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Article
July 1997

Spinal Cord InjuryA Preventable Public Burden

Author Affiliations

From the Department of Surgery, University of California, San Francisco/Fresno University Medical Center, Fresno, Calif (Drs Tyroch and Kaups); the University of South Florida, Tampa, and the Division of Trauma, Tampa General Hospital, Tampa, Fla (Dr Davis); and the Department of Surgery, University of Puerto Rico, San Juan (Dr Lorenzo).

Arch Surg. 1997;132(7):778-781. doi:10.1001/archsurg.1997.01430310092020
Abstract

Background:  Spinal cord injury (SCI) is a devastating occurrence with important consequences for the individual and society. Previous studies have documented the epidemiology and costs of SCI and the rehabilitation needs after SCI; however, data about the preventability of SCI are lacking.

Objective:  To test the hypotheses that most SCIs are preventable and that much of the cost of SCI is borne by the public.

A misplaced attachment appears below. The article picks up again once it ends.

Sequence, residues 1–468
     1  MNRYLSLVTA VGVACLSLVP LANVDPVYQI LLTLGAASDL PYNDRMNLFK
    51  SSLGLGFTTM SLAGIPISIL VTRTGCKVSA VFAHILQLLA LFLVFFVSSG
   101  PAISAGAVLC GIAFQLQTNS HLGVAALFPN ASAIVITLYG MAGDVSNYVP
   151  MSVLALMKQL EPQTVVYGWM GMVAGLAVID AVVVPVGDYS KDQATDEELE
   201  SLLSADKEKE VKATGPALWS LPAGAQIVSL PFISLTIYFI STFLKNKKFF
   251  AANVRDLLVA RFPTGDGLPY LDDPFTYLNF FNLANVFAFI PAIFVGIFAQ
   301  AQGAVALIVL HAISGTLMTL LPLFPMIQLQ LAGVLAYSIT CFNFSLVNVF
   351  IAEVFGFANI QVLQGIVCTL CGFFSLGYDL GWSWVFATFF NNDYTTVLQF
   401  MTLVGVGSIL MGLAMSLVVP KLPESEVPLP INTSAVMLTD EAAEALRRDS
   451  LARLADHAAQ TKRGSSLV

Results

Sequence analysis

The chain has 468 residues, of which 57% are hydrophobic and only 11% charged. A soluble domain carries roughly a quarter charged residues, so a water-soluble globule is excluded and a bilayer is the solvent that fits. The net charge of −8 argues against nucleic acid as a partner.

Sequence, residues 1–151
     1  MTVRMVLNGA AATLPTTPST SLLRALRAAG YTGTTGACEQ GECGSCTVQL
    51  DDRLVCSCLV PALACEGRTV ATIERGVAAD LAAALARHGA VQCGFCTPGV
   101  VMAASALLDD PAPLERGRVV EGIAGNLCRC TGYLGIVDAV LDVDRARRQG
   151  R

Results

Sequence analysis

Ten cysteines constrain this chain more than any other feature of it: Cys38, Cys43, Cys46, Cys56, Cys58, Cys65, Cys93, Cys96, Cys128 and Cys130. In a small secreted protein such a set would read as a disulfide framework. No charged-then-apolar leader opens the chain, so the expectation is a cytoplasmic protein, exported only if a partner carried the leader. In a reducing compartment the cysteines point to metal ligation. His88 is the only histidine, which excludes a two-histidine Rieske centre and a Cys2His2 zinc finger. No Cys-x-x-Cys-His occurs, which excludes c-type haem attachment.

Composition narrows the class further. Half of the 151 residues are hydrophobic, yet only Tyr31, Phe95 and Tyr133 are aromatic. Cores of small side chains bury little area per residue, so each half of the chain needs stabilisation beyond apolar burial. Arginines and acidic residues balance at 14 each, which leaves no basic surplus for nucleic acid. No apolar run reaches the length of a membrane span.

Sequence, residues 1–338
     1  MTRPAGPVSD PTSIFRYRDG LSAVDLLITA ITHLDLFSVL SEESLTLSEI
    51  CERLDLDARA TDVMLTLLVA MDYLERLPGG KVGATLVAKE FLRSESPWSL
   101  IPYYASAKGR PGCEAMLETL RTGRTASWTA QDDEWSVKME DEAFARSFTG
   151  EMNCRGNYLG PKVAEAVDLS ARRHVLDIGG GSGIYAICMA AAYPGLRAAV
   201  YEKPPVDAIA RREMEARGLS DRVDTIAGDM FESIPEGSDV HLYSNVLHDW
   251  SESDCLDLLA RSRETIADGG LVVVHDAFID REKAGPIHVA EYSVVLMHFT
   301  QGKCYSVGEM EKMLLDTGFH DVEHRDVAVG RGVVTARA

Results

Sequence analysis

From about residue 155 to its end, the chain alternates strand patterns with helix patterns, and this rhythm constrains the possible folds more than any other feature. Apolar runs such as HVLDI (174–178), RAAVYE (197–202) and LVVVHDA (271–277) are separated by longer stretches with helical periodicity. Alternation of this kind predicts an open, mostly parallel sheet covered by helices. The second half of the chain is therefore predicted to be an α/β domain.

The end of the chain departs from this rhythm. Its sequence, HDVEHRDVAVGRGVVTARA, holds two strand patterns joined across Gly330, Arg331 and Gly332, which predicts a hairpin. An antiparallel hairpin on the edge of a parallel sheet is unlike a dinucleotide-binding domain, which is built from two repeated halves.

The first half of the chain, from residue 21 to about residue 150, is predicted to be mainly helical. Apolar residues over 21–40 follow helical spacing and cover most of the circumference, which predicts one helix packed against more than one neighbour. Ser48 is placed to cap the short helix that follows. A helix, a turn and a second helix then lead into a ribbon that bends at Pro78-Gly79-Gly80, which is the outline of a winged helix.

Design:  Retrospective review of medical records and trauma registry data.

Setting:  A 417-bed county hospital with a level I trauma center.

Methods:  To evaluate the preventability of SCI, the records of trauma patients sustaining SCI from July 1, 1990, through June 30, 1995, were reviewed. The criteria for preventability of blunt injuries included the following: failure to use restraint devices; intoxication of drivers, motorcyclists, or pedestrians; and falls or diving accidents involving the use of drugs or alcohol. The criteria for preventability of penetrating injuries included the following: illegal possession of a firearm, accidental discharge of a weapon, and suicide attempts. Statistics were performed with the paired Student t test and X2 with significance attributed to a P value less than .05.

Results:  Spinal cord injury occurred in 150 patients; 71% of the injuries were the result of blunt trauma. Injury was potentially preventable in 74% of the blunt injuries and 66% of the penetrating injuries (P=.15). Patients with a penetrating SCI were younger (P<.001) and relied more on public funding than did those with a blunt SCI (65% vs 81%; P=.05).

Conclusions:  Most SCIs are preventable with strict enforcement of existing statutes. Furthermore, the financial burden of these preventable injuries is largely borne by the public.Arch Surg. 1997;132:778-781

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